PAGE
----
Exclusive: Foreign doctors raise alarm over Syrian birth defects

The newly appointed International President of Médecins Sans Frontières has described the number of birth deformities as 'shocking'

Doctors working inside Syria are witnessing a “shocking” number of babies being born with severe deformities - a result of the collapse of the war-torn country's healthcare system.

The cases of Anencephaly - a condition which causes babies to be born without a major portion of the brain, skull and scalp - have been documented in the north of the country, an area in which antenatal care has virtually ceased to exist.

In most cases the baby dies immediately after birth, or is stillborn. The large number of cases witnessed in northern Syria is thought have been caused a lack of availability of folic acid - a supplement available to pregnant women across the world that helps prevent the condition.

The deformities and many other horrific injuries sustained as a result of the war were witnessed by Joanne Liu, the newly appointed International President of Médecins Sans Frontières (MSF), who left Syria last week after spending ten days working in a field hospital in the country.

Dr Liu took up her role as head of the organisation in October, and last month travelled to Syria to get first-hand experience of the conditions in which her staff worked. Due to the sensitivity of her mission, only the international staff working alongside her in the hospital knew of her position as head of the charity.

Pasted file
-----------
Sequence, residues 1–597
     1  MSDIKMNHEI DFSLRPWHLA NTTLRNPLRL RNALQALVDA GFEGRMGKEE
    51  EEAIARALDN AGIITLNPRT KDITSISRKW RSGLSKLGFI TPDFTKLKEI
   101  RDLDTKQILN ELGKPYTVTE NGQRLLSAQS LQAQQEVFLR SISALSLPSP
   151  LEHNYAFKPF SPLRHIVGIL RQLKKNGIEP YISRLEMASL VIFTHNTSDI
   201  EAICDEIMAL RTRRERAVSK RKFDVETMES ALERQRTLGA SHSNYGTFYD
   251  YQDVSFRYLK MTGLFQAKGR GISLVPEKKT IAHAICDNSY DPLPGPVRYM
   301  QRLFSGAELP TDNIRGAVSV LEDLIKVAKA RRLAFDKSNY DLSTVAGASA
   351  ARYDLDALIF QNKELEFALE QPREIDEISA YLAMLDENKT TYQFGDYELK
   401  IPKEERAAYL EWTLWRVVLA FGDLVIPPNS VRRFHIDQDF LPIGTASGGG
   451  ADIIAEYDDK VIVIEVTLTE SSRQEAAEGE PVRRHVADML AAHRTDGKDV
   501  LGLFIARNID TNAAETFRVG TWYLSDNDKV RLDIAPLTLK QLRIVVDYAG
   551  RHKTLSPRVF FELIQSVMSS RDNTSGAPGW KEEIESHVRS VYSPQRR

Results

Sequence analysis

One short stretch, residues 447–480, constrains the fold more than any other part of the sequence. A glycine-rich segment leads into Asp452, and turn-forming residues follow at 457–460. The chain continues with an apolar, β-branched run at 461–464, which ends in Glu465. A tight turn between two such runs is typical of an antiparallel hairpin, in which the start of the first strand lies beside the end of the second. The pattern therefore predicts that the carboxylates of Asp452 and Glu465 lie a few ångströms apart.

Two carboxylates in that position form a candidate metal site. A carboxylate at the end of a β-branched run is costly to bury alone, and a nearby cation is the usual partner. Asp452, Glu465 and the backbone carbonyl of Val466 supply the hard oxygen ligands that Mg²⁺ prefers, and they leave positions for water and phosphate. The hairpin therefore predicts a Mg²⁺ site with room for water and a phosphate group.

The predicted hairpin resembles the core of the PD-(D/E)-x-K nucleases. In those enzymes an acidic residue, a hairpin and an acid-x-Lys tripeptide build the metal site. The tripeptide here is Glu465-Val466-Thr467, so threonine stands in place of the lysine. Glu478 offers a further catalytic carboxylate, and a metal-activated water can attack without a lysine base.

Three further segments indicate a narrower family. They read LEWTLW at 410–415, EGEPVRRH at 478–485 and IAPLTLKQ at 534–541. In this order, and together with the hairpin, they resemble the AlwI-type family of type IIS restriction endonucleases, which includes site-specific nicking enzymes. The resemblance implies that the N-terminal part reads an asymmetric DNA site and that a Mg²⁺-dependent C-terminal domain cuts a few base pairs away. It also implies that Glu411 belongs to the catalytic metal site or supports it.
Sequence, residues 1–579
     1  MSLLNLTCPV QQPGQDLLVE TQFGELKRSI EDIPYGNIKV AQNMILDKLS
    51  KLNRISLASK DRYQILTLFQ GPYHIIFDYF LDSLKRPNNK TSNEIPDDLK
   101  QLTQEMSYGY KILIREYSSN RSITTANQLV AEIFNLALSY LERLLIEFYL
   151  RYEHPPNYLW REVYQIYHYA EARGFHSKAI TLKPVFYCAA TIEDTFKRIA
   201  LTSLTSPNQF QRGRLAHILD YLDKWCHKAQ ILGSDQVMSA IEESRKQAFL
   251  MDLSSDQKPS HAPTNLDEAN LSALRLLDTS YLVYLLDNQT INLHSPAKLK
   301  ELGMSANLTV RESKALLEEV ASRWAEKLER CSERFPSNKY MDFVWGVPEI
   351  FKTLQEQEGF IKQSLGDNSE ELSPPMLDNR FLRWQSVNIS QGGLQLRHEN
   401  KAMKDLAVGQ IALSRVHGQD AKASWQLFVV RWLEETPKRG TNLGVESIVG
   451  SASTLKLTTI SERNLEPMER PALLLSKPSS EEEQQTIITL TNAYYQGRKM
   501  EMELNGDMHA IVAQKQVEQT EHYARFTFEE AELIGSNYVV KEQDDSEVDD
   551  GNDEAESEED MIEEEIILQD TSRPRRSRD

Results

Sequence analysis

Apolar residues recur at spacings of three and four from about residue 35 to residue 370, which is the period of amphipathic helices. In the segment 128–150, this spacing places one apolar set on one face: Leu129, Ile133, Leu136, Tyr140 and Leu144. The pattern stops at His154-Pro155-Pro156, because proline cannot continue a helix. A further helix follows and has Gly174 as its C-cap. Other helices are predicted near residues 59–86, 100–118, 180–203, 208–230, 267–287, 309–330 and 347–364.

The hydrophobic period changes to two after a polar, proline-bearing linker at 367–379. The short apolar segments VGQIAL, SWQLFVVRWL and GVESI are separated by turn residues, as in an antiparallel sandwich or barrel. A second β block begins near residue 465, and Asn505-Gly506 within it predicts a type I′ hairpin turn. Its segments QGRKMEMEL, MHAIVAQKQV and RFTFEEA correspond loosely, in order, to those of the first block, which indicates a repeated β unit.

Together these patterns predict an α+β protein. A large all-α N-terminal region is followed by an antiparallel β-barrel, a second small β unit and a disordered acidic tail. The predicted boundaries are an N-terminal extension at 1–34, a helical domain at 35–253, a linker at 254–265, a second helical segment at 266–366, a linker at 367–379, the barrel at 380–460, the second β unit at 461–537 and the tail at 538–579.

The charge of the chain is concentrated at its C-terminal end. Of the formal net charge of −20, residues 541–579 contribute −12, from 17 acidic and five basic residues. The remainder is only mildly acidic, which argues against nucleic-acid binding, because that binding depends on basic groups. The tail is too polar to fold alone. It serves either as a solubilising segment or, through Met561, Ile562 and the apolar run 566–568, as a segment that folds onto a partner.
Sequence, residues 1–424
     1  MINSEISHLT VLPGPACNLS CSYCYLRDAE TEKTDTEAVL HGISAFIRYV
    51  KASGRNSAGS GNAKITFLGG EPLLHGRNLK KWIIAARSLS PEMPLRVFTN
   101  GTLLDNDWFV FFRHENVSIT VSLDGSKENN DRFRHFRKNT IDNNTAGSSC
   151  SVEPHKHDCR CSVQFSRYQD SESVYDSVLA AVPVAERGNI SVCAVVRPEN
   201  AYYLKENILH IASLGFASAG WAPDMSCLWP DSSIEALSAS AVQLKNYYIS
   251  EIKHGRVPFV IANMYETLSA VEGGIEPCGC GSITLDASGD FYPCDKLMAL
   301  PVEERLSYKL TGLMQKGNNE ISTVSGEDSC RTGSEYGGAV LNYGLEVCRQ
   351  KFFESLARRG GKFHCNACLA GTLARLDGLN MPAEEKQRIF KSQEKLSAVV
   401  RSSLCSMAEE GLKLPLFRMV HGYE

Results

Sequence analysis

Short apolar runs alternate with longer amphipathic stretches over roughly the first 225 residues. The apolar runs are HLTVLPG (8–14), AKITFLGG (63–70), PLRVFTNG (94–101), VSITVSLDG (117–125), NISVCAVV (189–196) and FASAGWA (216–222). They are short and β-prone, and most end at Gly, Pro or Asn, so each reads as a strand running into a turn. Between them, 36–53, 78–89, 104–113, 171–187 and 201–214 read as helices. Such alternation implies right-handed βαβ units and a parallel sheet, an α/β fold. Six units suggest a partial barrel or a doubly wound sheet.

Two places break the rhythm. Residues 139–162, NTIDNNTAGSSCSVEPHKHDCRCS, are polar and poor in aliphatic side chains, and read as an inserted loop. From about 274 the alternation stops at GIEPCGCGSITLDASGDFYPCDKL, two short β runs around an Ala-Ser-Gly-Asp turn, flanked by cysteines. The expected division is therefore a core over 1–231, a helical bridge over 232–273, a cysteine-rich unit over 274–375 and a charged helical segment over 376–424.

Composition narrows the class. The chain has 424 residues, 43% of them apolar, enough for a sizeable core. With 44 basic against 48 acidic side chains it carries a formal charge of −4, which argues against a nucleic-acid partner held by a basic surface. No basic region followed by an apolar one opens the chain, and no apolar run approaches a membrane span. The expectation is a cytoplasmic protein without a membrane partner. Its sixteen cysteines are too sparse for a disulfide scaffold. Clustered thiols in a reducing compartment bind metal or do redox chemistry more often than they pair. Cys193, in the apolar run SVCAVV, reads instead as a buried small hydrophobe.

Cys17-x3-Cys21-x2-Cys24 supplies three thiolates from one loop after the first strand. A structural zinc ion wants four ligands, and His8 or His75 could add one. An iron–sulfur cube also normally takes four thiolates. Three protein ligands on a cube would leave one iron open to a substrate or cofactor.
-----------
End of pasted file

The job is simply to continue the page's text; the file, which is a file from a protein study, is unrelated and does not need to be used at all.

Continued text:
Working out of field hospital just kilometres from the frontline, Dr Liu witnessed high numbers of severe injuries to civilians and medical conditions symptomatic of a non-existent healthcare system.

In less than two weeks, she saw three babies with Anencephaly - two of which were alive when they were born, but later died. The third baby wall stillborn.

“We saw so many cases of babies born with malformations, and cases of Anencephaly. Some babies were born without heads,” she told The Independent. “I was trained as a paediatrician and have never seen anything this severe in my 20 years in practise.”

Médecins Sans Frontières is one of only a handful of aid agencies working in northern Syria - many are now staying away because of the perilous conditions and the risk of kidnap from extremist groups. The charity runs six field hospitals across the country, treating predominantly civilians who have been caught up in the fighting.

At the hospital, a former apartment building that has been transformed into a medical facility, Dr Liu treated pregnant women and children who were injured in airstrikes - further proof that the Syrian government is indiscriminately targeting civilian areas as it battles with rebels fighting to remove him from power.  

“On one day we received two pregnant women. One had a shrapnel wound to the thorax. She was six months pregnant and when she came in she couldn't breathe. She had dangerously low oxygen levels in her blood. We treated her and she pulled through, but the next day her baby died,” Dr Liu said.